Sugar-Filled Dough Doesn’t Cut It

Subway Bread Declared Less Than

Court's decision determines Subway sandwiches cannot be defined as being made on bread.

By Sean Zucker –

Eating a Subway sandwich has never been mistaken for gourmet dining, however, new revelations out of Ireland indicate it may worse than an occasional high-calorie quick bite. As first reported by the Irish Independent, the Irish Supreme Court has ruled the sandwich chain’s ingredients do not fall under the “statutory definition of bread.” In short, the “bread” your five-dollar footlong is made on technically, and legally in Ireland, is not bread.

Surprisingly, it seemed to be more an issue of what they were putting in their product, rather than what it was missing. The dooming additive? Sugar. According to the Irish Independent, Subway’s bread features a sugar content that is 10 percent of the weight of the flour in the dough. Under the country’s Value-Added Tax Act of 1972, sugar cannot add up to more than 2 percent of the weight of the flour, indicating that Subway exceeded this limitation five-fold.

Ireland initiated these parameters to encourage healthier eating by preventing items like pastries and other sweets from being labeled as “staple foods” which are exempt from being taxed. The ruling determined even Subway’s healthier options, such as wheat or whole grain, qualified far too sweet to register.

This is a long lingering problem not just for fast food chains, but the bread industry in general. Celebrity chef, Pasquale Cozzolino, recently outlined the dilemma to WellWell. “They use sugar to carve you, get you addicted… I can barely buy any bread in the supermarket without sugar. I’m always looking and 90 percent of them are filled with sugar in the ingredients. It’s so unnecessary and harmful,” he said.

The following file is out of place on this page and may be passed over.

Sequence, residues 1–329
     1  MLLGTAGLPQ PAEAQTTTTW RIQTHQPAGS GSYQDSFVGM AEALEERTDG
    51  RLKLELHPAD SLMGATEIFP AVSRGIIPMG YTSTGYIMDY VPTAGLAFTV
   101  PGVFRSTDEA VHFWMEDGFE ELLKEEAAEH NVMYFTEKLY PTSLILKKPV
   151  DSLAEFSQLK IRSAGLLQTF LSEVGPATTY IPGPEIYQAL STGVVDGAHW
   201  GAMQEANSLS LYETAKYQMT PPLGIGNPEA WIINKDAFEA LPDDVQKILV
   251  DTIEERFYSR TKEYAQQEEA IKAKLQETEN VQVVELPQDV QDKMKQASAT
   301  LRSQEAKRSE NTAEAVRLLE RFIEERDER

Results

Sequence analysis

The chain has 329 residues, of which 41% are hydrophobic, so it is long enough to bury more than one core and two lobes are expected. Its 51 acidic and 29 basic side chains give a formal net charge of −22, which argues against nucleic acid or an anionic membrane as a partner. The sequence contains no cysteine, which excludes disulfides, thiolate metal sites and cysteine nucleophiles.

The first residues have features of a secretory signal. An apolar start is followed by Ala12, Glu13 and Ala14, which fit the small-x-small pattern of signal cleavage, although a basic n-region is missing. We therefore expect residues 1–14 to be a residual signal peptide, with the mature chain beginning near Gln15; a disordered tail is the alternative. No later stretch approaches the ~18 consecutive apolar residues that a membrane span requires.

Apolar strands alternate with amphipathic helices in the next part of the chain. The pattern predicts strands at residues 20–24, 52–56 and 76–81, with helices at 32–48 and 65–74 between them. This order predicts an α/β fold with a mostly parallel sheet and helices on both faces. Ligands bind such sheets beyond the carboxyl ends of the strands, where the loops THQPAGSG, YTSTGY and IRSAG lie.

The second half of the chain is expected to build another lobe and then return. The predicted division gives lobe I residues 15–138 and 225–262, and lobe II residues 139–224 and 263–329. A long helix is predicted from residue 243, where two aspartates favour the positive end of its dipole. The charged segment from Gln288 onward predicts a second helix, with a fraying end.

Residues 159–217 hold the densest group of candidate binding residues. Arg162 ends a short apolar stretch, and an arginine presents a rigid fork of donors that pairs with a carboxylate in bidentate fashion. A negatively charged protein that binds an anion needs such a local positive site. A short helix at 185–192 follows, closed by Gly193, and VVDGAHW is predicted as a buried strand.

Cozzolino, who is originally from Italy, went on to ponder if this could be a determining factor in America’s obesity and diabetes problem. But his judgment is far from misplaced. According to the World Health Organization(WHO), the United States is the most obese developed nation in the world with over 36 percent of its population classifying as such. Additionally, the US has the highest rate of diabetes, with nearly 11 percent of Americans between the ages of 20 and 79 suffering from the disease. This amounts to roughly 30 million people, reports the International Diabetes Federation.

The celebrity chef isn’t alone in his concerns about the amount of sugar in mass-produced bread. In fact, Cooking Light warns dumping in huge amounts of it can “transform bread into a sneaky sugar bomb. For example, many whole-grain breads you can find on grocery store shelves are made with 4 to 6 grams of sugar per slice, meaning your otherwise healthy sandwich could pack an extra 12 grams, just from the bread alone!”

Simply said, sugar is not an essential ingredient to making bread no matter where it comes from, the site reported. “I would encourage people to skip the bread aisle and look for a freshly baked loaf within the in-store bakery,” Jonathan Davis, senior vice president of research and development at La Brea Bakery, told Cooking Light. “Taking a look at the ingredients is something all consumers should do before buying bread. Ingredients give consumers insight into how the bread will taste, so it’s important to know more about how the bread was made.”

It’s worth mentioning this is not the first time Subway and its ingredients have publicly come under fire. In 2014, Subway was forced to remove the flour whitening agent azodicarbonamide from its baked goods when a petition against it began circulating online. The substance is commonly used in the manufacture of yoga mats and shoes and had previously been banned by the European Union and Australia from use in food products.

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